News

BBCC’s PTEC Proposal Tops State's Community College Priority List

Posted on Apr 22, 2014

A proposal to build a Professional/Technical Education Center (PTEC) at Big Bend Community College is ranked first on the 2015-17 priority list for new major projects among the state’s community colleges.

If funded next year, PTEC will be the largest capital project in the college’s history.

“It is the best news we could have received before the next Legislative session,” said BBCC President Terry Leas. “Everyone in the Big Bend family is excited the PTEC project scored so well.”

BBCC officials learned April 21 the college’s proposal for a $32 million, 76,000-square-foot facility was ranked at the top of the community college system’s capital budget priority list for 2015-17.

Gail Hamburg, Vice President for Financial & Administrative ServicesThe proposal was prepared by Gail Hamburg, Vice President for Financial and Administrative Services. She worked with an architectural firm, BBCC faculty and staff, and colleagues around the state to make a “compelling case” for PTEC.

“It is nice to be at the top (of the list) because you don’t have to worry about making the cutoff if there is not enough funding for all the projects,” Hamburg said.

The proposal was one of 19 submitted in late February to the State Board for Community and Technical Colleges. Ten projects will be recommended for funding State Board.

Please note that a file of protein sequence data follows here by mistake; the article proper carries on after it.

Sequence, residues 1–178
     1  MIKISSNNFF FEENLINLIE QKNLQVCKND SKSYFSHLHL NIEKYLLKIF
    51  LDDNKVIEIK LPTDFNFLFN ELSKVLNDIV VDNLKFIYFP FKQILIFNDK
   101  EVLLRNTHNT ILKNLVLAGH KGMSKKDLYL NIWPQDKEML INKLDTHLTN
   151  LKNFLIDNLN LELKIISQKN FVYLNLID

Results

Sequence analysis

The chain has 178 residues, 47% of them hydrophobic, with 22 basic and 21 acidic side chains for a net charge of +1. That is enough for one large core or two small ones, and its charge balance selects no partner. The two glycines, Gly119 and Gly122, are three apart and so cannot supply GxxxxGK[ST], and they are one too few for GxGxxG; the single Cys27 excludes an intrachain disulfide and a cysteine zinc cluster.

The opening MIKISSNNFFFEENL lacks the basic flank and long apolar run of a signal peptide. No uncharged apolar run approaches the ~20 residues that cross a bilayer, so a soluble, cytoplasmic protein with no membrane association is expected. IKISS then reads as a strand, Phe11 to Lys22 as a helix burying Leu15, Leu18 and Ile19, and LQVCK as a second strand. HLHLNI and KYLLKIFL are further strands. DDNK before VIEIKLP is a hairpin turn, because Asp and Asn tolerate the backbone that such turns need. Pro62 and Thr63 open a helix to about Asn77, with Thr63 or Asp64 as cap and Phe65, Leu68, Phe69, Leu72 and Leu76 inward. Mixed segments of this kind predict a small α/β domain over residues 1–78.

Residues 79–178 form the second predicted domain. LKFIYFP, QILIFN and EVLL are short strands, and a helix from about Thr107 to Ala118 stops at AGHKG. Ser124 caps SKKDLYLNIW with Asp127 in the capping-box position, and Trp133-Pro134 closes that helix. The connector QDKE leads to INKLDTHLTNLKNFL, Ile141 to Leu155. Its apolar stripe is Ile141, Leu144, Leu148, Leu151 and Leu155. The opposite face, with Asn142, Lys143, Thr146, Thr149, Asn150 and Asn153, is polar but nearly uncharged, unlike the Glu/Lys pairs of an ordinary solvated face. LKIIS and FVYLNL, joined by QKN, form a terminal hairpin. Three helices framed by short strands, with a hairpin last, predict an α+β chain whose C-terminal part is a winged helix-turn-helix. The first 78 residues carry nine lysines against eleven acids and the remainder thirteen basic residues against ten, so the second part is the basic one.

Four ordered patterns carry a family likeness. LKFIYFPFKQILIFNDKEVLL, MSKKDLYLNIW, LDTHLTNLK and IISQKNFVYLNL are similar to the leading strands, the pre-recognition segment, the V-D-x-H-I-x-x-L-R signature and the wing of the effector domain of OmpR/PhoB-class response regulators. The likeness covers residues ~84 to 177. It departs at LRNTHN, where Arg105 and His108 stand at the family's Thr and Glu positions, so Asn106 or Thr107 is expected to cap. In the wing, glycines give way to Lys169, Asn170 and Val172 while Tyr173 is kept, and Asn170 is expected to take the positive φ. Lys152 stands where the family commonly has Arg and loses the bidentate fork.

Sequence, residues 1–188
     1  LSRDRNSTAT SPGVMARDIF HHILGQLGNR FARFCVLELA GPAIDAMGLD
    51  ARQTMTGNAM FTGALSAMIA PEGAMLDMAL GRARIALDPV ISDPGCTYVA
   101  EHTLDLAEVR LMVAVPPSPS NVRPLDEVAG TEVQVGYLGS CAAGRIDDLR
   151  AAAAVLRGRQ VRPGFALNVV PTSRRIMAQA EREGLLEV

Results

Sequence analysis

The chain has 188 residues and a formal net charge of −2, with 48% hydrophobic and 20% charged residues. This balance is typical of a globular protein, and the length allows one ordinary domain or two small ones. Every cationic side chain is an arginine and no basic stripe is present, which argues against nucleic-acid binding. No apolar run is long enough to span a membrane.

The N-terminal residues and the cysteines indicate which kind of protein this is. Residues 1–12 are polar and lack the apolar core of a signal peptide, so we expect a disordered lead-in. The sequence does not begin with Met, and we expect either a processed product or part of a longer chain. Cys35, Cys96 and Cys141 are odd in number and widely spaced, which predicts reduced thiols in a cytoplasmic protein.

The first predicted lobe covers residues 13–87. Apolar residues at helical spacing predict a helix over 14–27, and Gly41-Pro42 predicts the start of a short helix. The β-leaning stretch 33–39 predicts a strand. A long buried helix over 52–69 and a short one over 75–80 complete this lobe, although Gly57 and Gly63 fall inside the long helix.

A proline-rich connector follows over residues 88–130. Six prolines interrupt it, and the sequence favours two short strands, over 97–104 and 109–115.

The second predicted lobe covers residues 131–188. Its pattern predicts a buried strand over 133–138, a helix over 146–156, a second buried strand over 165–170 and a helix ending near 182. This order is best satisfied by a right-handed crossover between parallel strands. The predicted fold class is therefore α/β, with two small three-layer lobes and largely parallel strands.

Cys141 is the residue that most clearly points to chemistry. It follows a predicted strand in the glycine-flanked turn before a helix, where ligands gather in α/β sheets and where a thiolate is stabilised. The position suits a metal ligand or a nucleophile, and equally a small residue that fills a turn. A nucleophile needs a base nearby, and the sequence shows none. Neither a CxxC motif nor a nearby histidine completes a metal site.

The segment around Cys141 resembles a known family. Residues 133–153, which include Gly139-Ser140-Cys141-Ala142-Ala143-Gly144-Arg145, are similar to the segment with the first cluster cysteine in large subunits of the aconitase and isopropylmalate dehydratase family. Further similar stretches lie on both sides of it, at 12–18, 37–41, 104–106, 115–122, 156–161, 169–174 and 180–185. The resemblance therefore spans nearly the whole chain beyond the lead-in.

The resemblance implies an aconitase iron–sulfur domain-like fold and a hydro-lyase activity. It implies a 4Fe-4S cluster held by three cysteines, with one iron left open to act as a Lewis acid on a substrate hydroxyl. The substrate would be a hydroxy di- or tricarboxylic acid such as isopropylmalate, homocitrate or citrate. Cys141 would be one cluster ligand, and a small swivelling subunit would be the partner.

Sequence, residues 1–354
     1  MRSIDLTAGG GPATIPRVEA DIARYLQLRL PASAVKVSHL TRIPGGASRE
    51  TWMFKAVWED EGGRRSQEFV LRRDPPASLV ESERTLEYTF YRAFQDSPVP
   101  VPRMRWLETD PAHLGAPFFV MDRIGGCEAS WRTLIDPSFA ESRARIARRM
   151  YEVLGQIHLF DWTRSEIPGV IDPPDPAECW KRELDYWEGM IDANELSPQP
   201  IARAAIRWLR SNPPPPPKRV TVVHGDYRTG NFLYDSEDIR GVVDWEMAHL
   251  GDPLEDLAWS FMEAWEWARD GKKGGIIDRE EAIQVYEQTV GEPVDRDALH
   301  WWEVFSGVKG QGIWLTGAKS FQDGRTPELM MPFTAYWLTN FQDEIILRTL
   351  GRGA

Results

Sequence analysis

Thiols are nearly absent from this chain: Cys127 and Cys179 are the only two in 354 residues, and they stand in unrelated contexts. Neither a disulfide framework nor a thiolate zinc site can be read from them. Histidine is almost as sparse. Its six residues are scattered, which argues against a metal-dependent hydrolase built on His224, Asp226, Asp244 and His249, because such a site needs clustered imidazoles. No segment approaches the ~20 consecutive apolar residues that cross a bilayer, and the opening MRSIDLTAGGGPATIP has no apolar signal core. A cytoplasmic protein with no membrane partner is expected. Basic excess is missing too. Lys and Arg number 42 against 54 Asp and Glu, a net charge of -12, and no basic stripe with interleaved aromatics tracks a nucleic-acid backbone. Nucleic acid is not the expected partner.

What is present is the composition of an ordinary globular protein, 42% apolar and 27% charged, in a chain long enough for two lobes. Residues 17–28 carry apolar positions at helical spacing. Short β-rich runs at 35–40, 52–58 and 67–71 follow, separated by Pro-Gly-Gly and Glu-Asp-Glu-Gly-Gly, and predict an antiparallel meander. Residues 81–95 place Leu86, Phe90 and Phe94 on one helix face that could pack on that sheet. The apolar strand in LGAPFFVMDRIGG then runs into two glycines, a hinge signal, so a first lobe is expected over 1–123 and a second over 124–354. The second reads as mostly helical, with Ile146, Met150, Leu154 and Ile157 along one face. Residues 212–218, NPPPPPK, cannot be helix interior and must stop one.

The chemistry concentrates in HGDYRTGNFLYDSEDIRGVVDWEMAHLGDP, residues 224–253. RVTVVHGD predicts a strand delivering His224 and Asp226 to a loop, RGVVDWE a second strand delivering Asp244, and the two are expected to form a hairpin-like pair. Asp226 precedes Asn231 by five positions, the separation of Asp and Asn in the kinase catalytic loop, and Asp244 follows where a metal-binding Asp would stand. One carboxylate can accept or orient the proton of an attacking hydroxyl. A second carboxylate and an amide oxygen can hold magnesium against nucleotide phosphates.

The PTEC project will be included in the State Board’s 2015-17 capital budget request set for approval at its May 7 meeting. The Legislature will decide the level of capital funding allocated to community and technical colleges in early 2015.

The PTEC could be completed in late 2018 or early 2019, according to college officials.BBCC’s proposal cited the needs of a growing base of manufacturing employers within its service district. Manufacturing now makes up more than 15.5 percent of nonfarm employment in BBCC’s service district, compared to 9.5 percent in Washington State and 8.8 percent in the nation.

With a large and growing proportion of the workforce employed in manufacturing, the demand for a PTEC to serve workforce needs of local employers was part of the narrative for the compelling case for PTEC, Leas said. The condition of current facilities, especially related to safety and space, were other important considerations.

Most of BBCC’s professional/technical programs are located in 60-year-old buildings constructed for Larson Air Force Base. Those programs include automotive technology, aviation maintenance technology, industrial systems technology, and welding. The current facilities weren’t designed for education and training and are substandard and too small.

“We don’t have the space and equipment to accommodate our partnerships with local employers and local school districts,” Leas said. “A modern education center will be designed to align with and supplement the new Moses Lake School District’s Skills Center and ensure a seamless transition from high school to college.”